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BMD: what is it, preparation for the exam, and how to read the values

The CMO, Computerized Bone Mineralometry, is a diagnostic test aimed at calculating bone mineral density using low-dose X-rays.

This radiological exam is useful for:

  • measuring side effects or the response to treatment;
  • assessing the risk of fractures;
  • diagnosing osteoporosis, a systemic skeletal disease that leads to bone fragility due to the deterioration of bone tissue microarchitecture;
  • diagnosing osteopenia, a less severe condition than osteoporosis, characterized by reduced bone density.

CMO is performed upon a doctor’s request and is particularly recommended for men over 60 years of age who have risk factors for osteoporosis or for postmenopausal women.

There are two types of CMO: central and peripheral. In the first case, the test is performed to evaluate the density of the hip (femoral CMO) and the lumbar spine (lumbar CMO). Peripheral CMO, on the other hand, measures bone density at the wrist, fingers, or heel.

What does the CMO involve and how to interpret the values?

It is a completely painless, safe, and quick test that requires no preparation in the days or hours before the exam. Patients do not need to undress for the CMO, but it is advisable to wear a plain T-shirt without writing and clothes without metallic elements. The procedure lasts between 10 and 20 minutes and requires the patient to remain still for 5 minutes.

CMO provides values ​​of bone mineral mass (BMC) and density (BMD), interpreted through the T-score index. This expresses the difference between two measurements: that detected on the patient and that on a healthy 30-year-old subject.

If this value is slightly below normal, it is osteopenia; if it is much lower (less than -2.5), it is osteoporosis.

Types of osteoporosis and consequences

Osteoporosis is divided into two types: primary (due to aging, senile osteoporosis, or to the loss of estrogen, post-menopausal osteoporosis) and secondary (due to the intake of certain drugs or as a consequence of other diseases – hematological, endocrine, gastrointestinal, renal, rheumatological, and neurological).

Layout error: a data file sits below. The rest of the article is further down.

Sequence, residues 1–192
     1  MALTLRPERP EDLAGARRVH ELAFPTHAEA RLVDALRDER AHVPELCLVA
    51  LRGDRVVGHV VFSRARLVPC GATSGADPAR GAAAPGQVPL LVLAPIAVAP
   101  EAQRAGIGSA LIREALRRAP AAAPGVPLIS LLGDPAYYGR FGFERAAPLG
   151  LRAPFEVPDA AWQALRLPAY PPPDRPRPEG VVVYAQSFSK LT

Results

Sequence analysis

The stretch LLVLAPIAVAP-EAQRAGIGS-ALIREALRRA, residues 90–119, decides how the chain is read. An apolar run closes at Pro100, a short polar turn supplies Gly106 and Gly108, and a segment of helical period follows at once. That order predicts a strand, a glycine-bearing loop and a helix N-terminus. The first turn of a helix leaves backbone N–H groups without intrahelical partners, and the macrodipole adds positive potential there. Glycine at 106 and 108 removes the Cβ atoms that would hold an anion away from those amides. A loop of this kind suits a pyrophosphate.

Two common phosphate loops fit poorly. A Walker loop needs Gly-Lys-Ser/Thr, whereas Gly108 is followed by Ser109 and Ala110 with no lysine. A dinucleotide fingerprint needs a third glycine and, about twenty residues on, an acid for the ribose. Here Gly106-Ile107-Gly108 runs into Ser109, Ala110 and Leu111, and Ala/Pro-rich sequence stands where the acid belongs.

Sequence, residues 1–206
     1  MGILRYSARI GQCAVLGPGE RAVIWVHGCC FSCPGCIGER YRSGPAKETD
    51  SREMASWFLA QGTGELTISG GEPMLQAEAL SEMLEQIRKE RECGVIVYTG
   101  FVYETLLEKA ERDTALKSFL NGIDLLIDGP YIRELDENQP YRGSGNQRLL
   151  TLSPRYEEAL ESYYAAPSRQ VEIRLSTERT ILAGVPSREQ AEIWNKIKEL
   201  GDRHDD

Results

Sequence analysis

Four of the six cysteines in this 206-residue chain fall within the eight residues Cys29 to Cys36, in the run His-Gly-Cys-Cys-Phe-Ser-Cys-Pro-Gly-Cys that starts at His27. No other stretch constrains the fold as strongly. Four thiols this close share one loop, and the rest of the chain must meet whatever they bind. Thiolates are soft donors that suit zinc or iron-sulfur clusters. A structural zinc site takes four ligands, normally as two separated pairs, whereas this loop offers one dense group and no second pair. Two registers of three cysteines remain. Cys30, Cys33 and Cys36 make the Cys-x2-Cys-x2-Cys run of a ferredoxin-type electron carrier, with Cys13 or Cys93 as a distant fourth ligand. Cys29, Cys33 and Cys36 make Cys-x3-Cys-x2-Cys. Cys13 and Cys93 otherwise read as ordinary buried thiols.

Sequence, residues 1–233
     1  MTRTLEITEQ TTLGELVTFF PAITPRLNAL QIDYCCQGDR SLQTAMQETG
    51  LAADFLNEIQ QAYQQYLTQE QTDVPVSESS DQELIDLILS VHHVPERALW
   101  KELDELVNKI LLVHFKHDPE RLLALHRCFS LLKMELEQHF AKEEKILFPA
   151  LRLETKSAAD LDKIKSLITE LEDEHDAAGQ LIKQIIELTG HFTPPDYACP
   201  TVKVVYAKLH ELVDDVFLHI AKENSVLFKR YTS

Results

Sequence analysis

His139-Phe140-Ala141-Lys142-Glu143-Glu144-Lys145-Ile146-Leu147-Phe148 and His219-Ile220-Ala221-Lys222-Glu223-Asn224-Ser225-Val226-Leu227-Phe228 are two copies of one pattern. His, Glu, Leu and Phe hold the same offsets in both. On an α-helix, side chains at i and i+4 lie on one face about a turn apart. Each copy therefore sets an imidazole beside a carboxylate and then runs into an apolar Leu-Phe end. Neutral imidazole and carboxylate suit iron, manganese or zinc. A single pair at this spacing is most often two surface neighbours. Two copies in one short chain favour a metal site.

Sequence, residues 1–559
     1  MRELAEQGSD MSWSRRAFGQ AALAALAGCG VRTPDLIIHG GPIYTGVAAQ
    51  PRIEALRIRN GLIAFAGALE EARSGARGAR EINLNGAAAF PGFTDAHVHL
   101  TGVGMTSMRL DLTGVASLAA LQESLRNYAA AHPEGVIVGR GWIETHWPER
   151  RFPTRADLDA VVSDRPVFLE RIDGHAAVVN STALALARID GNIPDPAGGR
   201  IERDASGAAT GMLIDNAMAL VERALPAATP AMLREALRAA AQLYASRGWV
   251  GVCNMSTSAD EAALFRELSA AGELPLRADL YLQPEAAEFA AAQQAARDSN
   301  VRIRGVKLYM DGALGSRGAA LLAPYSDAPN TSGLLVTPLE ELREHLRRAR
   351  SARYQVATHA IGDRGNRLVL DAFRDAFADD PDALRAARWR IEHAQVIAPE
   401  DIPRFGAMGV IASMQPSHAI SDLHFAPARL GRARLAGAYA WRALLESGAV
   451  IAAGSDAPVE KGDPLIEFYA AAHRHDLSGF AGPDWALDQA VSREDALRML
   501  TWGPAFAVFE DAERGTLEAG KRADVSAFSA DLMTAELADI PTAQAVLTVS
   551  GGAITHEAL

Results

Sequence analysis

The consequences of osteoporosis are weakness and fragility of bone tissue, leading to a greater predisposition of the skeleton to fractures in the future. Although this disease affects both men and women indiscriminately, women are considered at higher risk due to three main reasons: longer life expectancy, lower calcium content in bones, menopause.

According to statistics, approximately one in four women suffer from this condition. Among men, osteoporosis affects one in ten, because the decline in the production of sex hormones is much lower than in women. In any case, men at higher risk are those with low levels of testosterone or who suffer from hypogonadism, the reduced ability of the testes to produce sex hormones.

Have your CMO at MiniHospital “Sandro Pertini”

The equipment used at MiniHospital “Sandro Pertini” for computerized bone mineralometry (CMO) is an OsteoSys PRIMUS that uses the dual-energy X-ray absorption technique (DEXA) and is used for the study of bone density and body composition (fat mass, lean mass, BMC, visceral fat).

The machine uses an algorithm (FRAX®) to calculate the probability of future bone fractures over 10 years in women and men. For reading the values, at the end of each page, MiniHospital provides a comprehensive explanation and, if requested, provides a copy of the report with sensitive data obscured.

Do you want to book a CMO? Fill the form and send your request!

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